Total Annihilation had a superb visibility system. Best I''ve ever seen anyway. It had very good realistic fog of war, like in others RTSs, but the player had _a lot_ of other options for keeping an eye on the battlefield : sonars, radars, fast scout units (some also had built-in radar ; combine these with patrol orders), radar jammers, commander cloaking. Direct visibility was still a very important bonus, but surprise attacks were never a problem. Cheap defenses with long range allowed for in depth defence : the enemy couldn''t even approach an expensive structure without fighting some non-vital defences first.

And in the skirmish fighting, map could be discovered at game-start. That''s how I always play, I find scouting extremely annoying. I might reluctantly accept a black map, but only if scouting would be automated.

Age of Empires was also pretty nice with scouting. In the Castle Age (when the serious fighting stars) players had access to technologies that allowed the buildings to see _very_ far. By building cheap things like scout towers or houses, a player could oversee a large portion of the map.

Scout units had the ability to patrol too, so a carefull player could hardly be caught off-guard.

2 & 3 TA had exquisite UI too, and the units in TA did things on their own. If you gave a bot/tank the order to go somewhere, his legs/main body started walking there, but his upper body/turret kept firing at the enemy (unless you stoped him from firing by a direct order). The fire options ''fire at will'' ''fire back'' and ''hold fire'' where also very usefull.

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I think Silvermyst and Zaei have it right. Break the game into a turn/rts mode where you have a pre-planning phase before the real-time begins. As Silver pointed out, a general gives orders to units but these orders also have "standing" orders. These are general guidelines that units follow.

For example, you could set an aggression level that would set what would happen if a unit were to see an enemy unit while it was given a simple "move" order. You would have to set some kind of priority that a unit would follow...i.e, a unit is set to move to a position, but discovers the path it is set on is offering a ton of resistance. Does it keep following orders or find an alternate path?

Here are some examples:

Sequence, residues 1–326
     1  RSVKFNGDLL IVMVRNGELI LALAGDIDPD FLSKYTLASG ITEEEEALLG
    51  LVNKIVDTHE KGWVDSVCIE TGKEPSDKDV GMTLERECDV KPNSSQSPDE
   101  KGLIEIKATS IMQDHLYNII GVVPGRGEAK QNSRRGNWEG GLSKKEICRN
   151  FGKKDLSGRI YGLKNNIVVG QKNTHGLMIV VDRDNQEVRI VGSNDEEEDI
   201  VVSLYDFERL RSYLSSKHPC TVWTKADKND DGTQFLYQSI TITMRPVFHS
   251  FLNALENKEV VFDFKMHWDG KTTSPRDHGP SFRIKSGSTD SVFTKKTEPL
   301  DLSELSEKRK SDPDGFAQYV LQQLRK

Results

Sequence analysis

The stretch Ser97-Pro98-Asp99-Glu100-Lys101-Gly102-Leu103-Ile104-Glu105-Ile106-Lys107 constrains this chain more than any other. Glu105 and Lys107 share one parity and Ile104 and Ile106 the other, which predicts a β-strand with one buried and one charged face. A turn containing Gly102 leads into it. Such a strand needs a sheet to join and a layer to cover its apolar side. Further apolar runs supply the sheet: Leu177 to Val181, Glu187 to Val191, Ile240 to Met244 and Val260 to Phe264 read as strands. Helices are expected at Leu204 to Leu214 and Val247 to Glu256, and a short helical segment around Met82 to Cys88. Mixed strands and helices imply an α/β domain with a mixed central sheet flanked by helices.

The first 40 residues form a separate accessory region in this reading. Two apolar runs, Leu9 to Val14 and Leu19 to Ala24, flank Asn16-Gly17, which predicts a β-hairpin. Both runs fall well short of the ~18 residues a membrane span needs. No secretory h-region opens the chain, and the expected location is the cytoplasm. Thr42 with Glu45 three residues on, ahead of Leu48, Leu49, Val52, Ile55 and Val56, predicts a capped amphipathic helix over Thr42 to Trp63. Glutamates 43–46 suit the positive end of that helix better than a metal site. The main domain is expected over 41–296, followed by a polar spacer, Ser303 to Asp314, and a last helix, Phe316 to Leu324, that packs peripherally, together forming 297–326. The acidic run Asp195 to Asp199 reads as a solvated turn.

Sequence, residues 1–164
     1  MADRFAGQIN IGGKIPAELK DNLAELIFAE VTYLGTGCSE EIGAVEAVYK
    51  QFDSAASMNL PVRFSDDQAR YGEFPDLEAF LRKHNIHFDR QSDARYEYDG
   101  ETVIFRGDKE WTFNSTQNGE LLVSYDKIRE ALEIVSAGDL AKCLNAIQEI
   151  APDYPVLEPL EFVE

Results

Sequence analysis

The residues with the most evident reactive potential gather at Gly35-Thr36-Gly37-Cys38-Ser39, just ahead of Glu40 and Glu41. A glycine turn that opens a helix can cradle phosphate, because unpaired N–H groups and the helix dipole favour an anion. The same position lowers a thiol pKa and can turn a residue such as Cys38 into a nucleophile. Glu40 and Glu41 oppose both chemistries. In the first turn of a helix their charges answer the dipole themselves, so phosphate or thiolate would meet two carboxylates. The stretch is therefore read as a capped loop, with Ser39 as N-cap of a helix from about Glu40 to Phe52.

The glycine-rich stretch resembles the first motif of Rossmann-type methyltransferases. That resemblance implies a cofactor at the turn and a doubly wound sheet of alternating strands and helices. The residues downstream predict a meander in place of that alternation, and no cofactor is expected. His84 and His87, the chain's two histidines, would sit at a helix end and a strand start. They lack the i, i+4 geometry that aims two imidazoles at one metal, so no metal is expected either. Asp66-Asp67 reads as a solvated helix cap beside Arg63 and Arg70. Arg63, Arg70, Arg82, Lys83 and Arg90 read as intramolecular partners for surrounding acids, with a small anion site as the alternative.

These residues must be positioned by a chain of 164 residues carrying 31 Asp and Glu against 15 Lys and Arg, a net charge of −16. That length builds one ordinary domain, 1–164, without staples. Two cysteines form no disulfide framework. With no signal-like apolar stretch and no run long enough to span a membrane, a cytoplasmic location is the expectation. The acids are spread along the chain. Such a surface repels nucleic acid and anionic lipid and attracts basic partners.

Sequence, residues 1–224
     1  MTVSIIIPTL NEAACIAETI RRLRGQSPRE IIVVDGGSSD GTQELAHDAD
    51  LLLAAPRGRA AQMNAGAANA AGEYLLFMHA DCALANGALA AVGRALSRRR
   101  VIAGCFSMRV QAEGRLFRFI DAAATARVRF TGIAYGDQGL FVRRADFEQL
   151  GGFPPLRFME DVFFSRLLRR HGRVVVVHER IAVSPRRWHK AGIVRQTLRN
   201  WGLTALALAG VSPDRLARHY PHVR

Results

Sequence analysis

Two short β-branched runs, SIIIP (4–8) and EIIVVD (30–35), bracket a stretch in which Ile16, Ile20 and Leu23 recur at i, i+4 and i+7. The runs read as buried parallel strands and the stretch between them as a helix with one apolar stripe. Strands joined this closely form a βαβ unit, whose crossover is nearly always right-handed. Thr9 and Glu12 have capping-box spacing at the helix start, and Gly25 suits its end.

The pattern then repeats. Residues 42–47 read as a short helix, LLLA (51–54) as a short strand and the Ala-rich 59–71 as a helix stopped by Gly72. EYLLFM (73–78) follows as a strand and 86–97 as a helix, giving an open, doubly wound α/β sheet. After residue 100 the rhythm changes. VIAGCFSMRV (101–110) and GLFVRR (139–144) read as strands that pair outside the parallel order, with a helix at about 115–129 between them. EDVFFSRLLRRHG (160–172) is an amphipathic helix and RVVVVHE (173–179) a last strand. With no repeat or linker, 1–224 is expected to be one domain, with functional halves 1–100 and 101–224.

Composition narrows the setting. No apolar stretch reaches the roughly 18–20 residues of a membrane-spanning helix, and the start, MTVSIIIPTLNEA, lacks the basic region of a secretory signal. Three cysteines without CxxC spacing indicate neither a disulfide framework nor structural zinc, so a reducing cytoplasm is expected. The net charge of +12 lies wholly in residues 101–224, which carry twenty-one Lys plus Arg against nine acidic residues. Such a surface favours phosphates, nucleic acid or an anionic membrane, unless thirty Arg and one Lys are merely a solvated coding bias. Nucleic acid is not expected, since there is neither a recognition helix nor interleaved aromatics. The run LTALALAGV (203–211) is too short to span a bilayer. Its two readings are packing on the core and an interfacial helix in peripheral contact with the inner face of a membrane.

Reconnaissance: scout for enemy units AVOIDING fights
Force Reconnaisance: scout for enemy units, picking fights as opportunity presents itself
Search and Destroy: scout for enemy units, engage when found
Distract: Lead enemy units away from a position
Interdict: Intercept known enemy forcesby whatever means forcing them off their planned course
Harrassment: Hit and run raids
Assault: Full attack on known positions
Fallback: Organized withdrawal, fighting only to preserve unit
Defensive Fallback: Slowly give up ground fighting defensively while falling back.

Also, I think you will need to code some algorithms that let the units decide what their relative "odds" are. For example, if airborne infantry with no AT weapons comes in contact with some Main Battle Tanks and supporting infantry....I don''t think that unit is going to hold it''s ground to the last man. Matter of fact, it probably won''t even hold its ground unless it''s got VERY high morale and/or good leadership.

Finally, orders are issued to groups, not units. If you order units directly, then it becomes more of a tactical game, not a strategic one. So, how do you assign these orders? Via a mroe complex interface or a pre-planning turn? I think it can be a combination of both.

Man-o-war had a pre-plan phase and once you issued your orders, it went into real-time phase. The interface however was non-existent (given the techbnology of the time, it was fair), but I think you could also have an interface that you could "program" your units to follow. I think the key here is having some pretty intelligent Unit and Leader AI.